This is a guest post by Greg Herrle for Week Three of An Ignatian Prayer Adventure.
I’ll just plain admit that the idea of spending a week reflecting on my sins isn’t the most exciting thing to contemplate. Of course, there is the obvious need to reflect on our sins of past and present in order to become better people and better Christians. Yet, no matter how much I rationalize the need to reflect on my sins and confess them, it still conjures up the image of going to my first confession as a little kid and feeling extremely awkward and guilty.
As I now get to spend this week thinking through this process, I find I am able to step beyond that initial discomfort. During this time, I try to focus on sin in two new ways. First, I find myself really trying to see sin from Jesus’ perspective, and second, I try to find a new way to translate that into everyday life.
In viewing my sins from Jesus’ perspective, I found myself often focusing on one of the graces for the week. The grace asks for a deepening sorrow for my sins. In many aspects of life, I think we need to ask for the grace to be more like Jesus, and this one is no different. I imagine Jesus’ view of our sins is the same: deep sorrow. I don’t believe it is like the parent who says as punishment, “I’m not mad; I’m just disappointed.” Rather, I think Jesus feels true sadness about our sin as he knows how much happier we would be without it. So when we sin and Jesus feels sorrow, how does he respond?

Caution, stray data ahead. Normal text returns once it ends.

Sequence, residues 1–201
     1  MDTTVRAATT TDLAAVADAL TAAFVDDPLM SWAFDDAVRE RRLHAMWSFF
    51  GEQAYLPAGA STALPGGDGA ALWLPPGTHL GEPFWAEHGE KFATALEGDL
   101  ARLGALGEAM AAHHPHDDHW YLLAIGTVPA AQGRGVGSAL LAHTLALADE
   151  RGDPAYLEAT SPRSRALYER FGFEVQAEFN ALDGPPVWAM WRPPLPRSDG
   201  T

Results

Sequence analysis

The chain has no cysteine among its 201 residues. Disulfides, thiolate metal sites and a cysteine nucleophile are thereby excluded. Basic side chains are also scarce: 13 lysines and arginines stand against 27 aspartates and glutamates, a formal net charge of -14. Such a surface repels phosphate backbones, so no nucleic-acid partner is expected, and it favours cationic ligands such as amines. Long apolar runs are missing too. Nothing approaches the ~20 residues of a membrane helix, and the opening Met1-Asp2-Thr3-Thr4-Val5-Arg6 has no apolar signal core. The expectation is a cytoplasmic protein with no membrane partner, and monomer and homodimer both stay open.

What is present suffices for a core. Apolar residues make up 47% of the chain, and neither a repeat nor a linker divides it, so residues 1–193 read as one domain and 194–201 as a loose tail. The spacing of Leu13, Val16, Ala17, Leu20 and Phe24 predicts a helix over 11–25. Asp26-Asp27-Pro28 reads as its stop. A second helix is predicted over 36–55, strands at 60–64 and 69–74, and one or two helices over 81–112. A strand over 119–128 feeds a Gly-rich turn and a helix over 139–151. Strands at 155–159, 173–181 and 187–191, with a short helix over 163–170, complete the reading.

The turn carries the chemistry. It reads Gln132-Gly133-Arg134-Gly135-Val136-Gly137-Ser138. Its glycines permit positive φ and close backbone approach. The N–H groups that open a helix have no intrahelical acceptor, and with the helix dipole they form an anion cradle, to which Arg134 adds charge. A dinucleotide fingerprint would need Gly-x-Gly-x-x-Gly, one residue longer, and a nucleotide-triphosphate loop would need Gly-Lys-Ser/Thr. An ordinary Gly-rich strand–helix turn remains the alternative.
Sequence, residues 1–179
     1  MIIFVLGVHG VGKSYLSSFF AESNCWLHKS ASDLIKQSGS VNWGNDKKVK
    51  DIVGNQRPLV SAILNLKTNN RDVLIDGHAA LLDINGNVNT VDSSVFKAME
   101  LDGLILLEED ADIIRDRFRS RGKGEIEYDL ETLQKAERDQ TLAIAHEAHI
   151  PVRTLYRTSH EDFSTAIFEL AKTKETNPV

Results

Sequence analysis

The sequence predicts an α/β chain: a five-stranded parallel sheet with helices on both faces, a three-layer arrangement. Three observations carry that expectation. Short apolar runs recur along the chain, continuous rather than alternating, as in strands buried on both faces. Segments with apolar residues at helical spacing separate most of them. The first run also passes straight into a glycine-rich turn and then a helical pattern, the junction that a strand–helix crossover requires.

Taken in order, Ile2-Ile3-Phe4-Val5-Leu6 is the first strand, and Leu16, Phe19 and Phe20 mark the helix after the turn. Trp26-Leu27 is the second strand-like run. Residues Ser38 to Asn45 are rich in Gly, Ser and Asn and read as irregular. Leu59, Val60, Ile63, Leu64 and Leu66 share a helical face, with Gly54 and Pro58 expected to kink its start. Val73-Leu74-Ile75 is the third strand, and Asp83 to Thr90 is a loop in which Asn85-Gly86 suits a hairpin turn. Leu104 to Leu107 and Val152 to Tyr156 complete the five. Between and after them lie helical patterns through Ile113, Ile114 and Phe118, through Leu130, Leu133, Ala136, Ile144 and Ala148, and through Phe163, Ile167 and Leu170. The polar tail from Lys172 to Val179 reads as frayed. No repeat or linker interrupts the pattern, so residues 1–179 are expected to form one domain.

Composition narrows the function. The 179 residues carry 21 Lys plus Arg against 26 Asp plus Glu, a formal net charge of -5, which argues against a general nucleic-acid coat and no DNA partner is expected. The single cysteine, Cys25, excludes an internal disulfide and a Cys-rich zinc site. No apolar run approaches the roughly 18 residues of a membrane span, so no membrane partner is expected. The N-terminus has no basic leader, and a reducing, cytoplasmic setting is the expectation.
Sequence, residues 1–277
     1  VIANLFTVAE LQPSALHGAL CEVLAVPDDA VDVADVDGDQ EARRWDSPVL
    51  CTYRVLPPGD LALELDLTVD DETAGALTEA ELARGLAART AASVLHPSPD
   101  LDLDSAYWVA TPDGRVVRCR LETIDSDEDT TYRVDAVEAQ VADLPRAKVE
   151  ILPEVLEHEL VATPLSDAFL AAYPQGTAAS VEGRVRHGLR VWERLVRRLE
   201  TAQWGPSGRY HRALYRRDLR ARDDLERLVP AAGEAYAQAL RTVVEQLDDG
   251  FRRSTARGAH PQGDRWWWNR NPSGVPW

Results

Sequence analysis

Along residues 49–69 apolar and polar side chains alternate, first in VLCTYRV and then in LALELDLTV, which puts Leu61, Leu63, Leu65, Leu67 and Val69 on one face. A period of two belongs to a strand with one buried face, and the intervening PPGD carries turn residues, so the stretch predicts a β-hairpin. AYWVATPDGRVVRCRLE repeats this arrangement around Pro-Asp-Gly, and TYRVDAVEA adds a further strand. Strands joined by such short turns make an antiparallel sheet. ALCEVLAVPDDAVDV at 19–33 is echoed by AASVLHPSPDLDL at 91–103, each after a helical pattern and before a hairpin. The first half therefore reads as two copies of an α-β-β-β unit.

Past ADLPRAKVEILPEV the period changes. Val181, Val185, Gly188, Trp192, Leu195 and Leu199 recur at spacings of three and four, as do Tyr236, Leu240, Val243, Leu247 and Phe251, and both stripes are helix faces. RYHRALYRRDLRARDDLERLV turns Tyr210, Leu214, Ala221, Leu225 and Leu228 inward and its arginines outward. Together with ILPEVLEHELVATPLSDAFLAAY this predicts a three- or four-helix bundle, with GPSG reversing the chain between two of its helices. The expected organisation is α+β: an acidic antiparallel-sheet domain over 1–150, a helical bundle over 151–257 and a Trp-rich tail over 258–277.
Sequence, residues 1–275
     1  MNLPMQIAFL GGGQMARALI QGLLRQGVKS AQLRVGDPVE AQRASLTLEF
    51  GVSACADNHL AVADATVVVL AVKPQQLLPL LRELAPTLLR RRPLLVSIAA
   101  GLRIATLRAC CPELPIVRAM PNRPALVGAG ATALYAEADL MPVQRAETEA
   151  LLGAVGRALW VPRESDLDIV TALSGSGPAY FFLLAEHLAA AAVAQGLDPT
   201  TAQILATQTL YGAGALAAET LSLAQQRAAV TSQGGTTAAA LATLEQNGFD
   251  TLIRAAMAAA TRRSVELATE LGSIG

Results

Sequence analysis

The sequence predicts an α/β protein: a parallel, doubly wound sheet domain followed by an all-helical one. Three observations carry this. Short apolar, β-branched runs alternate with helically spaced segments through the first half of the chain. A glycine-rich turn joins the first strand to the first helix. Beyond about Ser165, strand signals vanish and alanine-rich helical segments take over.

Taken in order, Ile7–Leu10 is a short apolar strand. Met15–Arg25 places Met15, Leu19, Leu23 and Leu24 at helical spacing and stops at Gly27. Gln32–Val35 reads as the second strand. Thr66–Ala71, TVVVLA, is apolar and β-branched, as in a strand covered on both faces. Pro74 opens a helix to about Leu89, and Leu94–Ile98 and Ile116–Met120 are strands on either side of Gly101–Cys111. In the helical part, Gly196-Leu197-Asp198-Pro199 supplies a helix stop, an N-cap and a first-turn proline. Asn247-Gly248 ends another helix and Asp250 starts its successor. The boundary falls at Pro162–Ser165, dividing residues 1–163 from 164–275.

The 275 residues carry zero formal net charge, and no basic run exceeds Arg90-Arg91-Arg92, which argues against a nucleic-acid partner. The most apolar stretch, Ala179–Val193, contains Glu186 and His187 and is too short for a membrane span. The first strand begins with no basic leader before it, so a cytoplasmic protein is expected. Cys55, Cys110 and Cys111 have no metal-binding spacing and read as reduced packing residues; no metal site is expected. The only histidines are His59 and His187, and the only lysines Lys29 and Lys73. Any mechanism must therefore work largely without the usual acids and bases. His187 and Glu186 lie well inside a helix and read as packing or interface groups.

This past weekend, my wife and I helped out with our parish’s Confirmation retreat for high school juniors. The featured speaker was Marquette University’s Associate Director at the Center for Peacemaking. He talked extensively about work he has done in the Middle East, as well as the nonviolence movement of Dr. Martin Luther King, Jr. At one point during his talk, he discussed how we are called to respond with love instead of violence. This is exactly how I see Jesus responding to our sins. He does not cast us out or point out our additional flaws. Instead, the Lord loves our imperfect selves and wants us to know him better. By responding this way, he enables us to realize our need for change. I pray I can take this lesson from this week’s reflection on sin and translate it to my own life, responding with love.
Greg Herrle is a healthcare actuary. He is a graduate of Marquette University High School and Boston College. He and his wife Ruth currently live in the Milwaukee, WI area. This past summer, they followed the route of St. Ignatius from Loyola to Manresa in Spain. You can read about their adventure at http://herrlecaminoignaciano2012.blogspot.com.